Non-Tax Revenue Generation, Leveraging Digital


By Dr. Jaijit Bhattacharya

Governments have been focusing on Tax as a primary source of fund generation. Because of the nature of taxation, there are severe issues in the two primary kind of taxes – direct taxes and indirect taxes. Basic economics shows that indirect taxation distorts the economy and how to direct taxation is discriminatory in nature, as many are outside the purview of direct taxes.

However, as we move into an era of ever-expanding demands on the government to deliver, the pressures for fund generation has been spiralling up. This has been accentuated by voters’ comparisons between the private sector’s ability to deliver personalized services to a large number of people versus the Government’s inability to do the same.

An interesting outcome of such a dynamics is the ability to transform the government from a primarily Tax Oriented Government (TOG) to a Service-Oriented Government (SOA), and in the process, unlock very significant economic values that are trapped in various kinds of physical and non-physical assets that are owned by the government.

Governments are owning assets of extremely high economic value, whose value has not been unlocked. These assets are in the form of tangible and intangible assets which are locked because of reasons of policy, process or governance. Interestingly, much of this unlocking of economic value can be done through leveraging digital technologies.

The source of the value unlocking comes from (a) Cost rationalization and (b) unlocking of tangible and intangible assets.

Although Cost rationalization appears to be a straight forward exercise, however, for the government, it is a highly complex exercise that needs to balance the social objectives with the cost rationalization. Typically, cost rationalization opportunities are realized where the focus of an initiative is on the output and not on the outcome. For example, if instead of focusing on the number of students educated on computers, the focus is on the number of computers installed in schools, the focus and the expenditure shifts from educating students to setting up of expensive and often unnecessarily over-engineered labs. The same can be seen in many social initiatives where instead of focusing on social outcomes such as a reduction in maternal mortality, infant mortality etc, the focus is on setting up of sub-standard clinics which do not necessarily improve the health of disadvantaged sections of the society.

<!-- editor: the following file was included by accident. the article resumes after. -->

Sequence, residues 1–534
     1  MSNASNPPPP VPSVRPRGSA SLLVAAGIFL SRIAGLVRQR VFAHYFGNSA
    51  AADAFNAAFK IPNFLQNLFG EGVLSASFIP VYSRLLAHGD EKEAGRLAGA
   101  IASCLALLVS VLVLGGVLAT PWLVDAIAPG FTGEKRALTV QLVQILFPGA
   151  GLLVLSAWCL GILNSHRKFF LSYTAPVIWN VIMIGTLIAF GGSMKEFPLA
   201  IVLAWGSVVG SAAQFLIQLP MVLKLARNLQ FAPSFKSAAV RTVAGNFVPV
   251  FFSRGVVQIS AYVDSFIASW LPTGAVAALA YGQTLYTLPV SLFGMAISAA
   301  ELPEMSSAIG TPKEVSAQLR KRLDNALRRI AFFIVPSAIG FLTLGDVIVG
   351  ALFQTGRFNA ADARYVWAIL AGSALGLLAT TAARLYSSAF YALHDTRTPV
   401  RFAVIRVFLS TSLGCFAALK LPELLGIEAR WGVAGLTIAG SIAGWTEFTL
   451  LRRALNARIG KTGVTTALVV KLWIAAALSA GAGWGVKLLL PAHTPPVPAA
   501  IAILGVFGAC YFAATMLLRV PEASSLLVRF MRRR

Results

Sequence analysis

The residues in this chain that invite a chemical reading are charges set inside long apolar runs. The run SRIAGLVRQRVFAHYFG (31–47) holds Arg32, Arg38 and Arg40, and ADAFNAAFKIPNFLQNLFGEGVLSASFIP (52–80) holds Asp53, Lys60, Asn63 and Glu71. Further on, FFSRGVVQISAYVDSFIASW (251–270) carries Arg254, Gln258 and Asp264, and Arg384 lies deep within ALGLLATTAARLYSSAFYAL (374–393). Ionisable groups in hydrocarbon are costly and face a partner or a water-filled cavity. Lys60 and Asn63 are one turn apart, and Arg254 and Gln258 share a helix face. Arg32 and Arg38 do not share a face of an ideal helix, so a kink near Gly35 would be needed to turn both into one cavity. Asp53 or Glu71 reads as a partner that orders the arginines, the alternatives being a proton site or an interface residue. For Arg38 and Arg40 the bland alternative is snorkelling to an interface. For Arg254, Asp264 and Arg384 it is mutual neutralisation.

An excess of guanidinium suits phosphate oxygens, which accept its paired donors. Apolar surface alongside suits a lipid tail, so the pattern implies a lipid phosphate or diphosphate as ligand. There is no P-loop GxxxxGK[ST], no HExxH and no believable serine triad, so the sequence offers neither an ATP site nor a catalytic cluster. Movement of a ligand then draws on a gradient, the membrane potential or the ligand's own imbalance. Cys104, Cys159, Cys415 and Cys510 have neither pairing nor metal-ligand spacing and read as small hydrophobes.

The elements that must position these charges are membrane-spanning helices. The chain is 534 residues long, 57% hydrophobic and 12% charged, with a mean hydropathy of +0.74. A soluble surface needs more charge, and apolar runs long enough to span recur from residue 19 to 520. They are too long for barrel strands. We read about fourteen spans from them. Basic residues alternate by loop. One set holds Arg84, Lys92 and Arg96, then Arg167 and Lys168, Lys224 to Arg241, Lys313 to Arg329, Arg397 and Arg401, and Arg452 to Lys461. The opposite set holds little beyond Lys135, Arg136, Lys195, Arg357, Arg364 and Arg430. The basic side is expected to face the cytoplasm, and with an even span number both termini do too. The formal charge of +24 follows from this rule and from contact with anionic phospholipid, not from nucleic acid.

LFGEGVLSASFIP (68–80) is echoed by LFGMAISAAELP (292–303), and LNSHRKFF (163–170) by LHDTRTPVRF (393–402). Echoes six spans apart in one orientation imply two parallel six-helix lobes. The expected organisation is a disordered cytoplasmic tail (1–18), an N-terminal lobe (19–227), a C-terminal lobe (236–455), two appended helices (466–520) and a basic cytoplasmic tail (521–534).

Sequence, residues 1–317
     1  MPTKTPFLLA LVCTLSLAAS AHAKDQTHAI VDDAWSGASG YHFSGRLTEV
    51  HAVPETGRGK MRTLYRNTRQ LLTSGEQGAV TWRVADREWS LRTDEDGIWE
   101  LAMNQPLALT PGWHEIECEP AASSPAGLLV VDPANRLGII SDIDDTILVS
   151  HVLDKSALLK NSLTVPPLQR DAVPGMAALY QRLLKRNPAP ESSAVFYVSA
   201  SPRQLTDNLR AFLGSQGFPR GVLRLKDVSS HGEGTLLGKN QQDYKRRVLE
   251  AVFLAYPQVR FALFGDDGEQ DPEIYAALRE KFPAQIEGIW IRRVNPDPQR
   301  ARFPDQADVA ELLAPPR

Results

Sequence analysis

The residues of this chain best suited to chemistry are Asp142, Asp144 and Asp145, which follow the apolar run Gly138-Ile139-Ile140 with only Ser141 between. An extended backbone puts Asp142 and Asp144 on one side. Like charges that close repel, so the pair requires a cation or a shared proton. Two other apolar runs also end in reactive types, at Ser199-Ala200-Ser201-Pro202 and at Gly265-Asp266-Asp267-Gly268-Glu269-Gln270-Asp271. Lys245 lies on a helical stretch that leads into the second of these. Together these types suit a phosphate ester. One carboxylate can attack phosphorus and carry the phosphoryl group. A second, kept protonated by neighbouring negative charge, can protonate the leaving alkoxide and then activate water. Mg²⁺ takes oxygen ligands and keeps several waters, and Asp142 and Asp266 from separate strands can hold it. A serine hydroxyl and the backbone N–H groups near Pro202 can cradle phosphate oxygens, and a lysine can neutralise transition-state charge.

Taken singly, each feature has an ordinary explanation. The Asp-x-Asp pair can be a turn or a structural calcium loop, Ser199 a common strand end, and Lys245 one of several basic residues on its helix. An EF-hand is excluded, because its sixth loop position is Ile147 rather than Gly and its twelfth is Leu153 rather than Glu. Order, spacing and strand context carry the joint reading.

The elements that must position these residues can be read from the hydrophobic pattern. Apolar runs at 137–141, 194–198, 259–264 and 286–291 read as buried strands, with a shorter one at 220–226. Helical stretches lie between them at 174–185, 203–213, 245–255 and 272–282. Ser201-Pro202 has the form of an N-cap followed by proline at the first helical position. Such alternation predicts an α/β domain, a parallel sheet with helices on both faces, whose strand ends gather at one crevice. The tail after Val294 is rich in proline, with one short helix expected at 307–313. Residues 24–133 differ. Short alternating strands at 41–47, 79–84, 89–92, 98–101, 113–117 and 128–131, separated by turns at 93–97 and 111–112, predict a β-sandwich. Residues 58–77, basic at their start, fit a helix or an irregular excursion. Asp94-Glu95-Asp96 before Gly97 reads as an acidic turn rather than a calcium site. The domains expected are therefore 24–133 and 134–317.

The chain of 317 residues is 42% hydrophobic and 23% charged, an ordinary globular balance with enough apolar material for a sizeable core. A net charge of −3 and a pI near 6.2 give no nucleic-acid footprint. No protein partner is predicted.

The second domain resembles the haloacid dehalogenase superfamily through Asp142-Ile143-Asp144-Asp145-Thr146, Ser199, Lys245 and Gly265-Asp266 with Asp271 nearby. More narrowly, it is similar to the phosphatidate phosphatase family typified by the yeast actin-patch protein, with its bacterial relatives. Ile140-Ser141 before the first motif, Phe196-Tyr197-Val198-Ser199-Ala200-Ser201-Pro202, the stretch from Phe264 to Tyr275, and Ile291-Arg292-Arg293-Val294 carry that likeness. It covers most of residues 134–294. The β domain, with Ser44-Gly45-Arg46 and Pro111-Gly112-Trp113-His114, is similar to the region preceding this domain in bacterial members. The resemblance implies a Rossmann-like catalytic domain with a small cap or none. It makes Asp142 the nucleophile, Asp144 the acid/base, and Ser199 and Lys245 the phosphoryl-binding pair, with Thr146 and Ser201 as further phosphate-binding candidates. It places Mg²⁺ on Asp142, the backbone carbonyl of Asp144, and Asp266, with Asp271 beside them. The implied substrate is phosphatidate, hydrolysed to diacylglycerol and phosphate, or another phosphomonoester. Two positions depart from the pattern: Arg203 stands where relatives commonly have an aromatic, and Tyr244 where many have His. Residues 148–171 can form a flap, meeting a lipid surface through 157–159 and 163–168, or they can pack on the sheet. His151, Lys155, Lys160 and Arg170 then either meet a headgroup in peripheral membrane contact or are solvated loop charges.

Similarly, there are enormous tangible and intangible assets owned by the government whose value can be unlocked through appropriate policy interventions. For example, the government is a monopolistic owner of significant data that has enormous value. The ownership of all vehicle data implies that government can actually setup portals to allow citizens to find buyers and sellers of vehicles online, in addition to finding the cheapest loans, while completing the entire transaction online without the need for citizens to visit the traffic office for transfer of ownership of the vehicle. Given that this gives extra value to the citizens who currently go through brokers and pay them 1-2% of the total transaction value as brokerage, the government would be within rights to charge a similar amount from the citizens.

And if the government cannot set up this entire system on its own, the government can open op access to this data through Open Digital Ecosystems so that the private sector can leverage the data for a fee to the government.

Thus the government will move from a Tax Oriented Administration TOA) to the Service-Oriented Administration (SOA). This is part of a larger process of moving to Next Generation Government (NGG). In my book, “eGov 2.0, Policies, Processes and Technologies”, Next Generation Governance is defined as an evolutionary step towards a more efficient, inclusive and participative government through adoption of a set of new trends in business models, operational models, financial models and technological models for achieving Outcome based Governance.

There are other assets such as real estate under flyovers in the cities, which can be leased to car companies to showcase their vehicles in a glass enclosure. This would not only ensure revenues for the government but would also ensure that the place is not taken up by squatters who can potentially indulge in anti-social activities. Similarly, impact zones can be developed where-in the value of the impact zones go up significantly due to the development initiatives.

Economic value is trapped in assets such as spaces, impact zones, monopolistic data and ability to create wealth by marrying appropriate policy with capital, in a manner that private sector is not in a position to do. Unlocking the economic values through a combination of appropriate policies and development of a Service Oriented Administration will unlock the economic values of these Government-owned assets, leading to the creation of very significant non-Tax revenues.

The economy can be expanded significantly by unlocking of such tangible and non-tangible economic assets by the government. Governments need to take up detailed exercise to identify and realize the values that are buried in the governance systems and assets.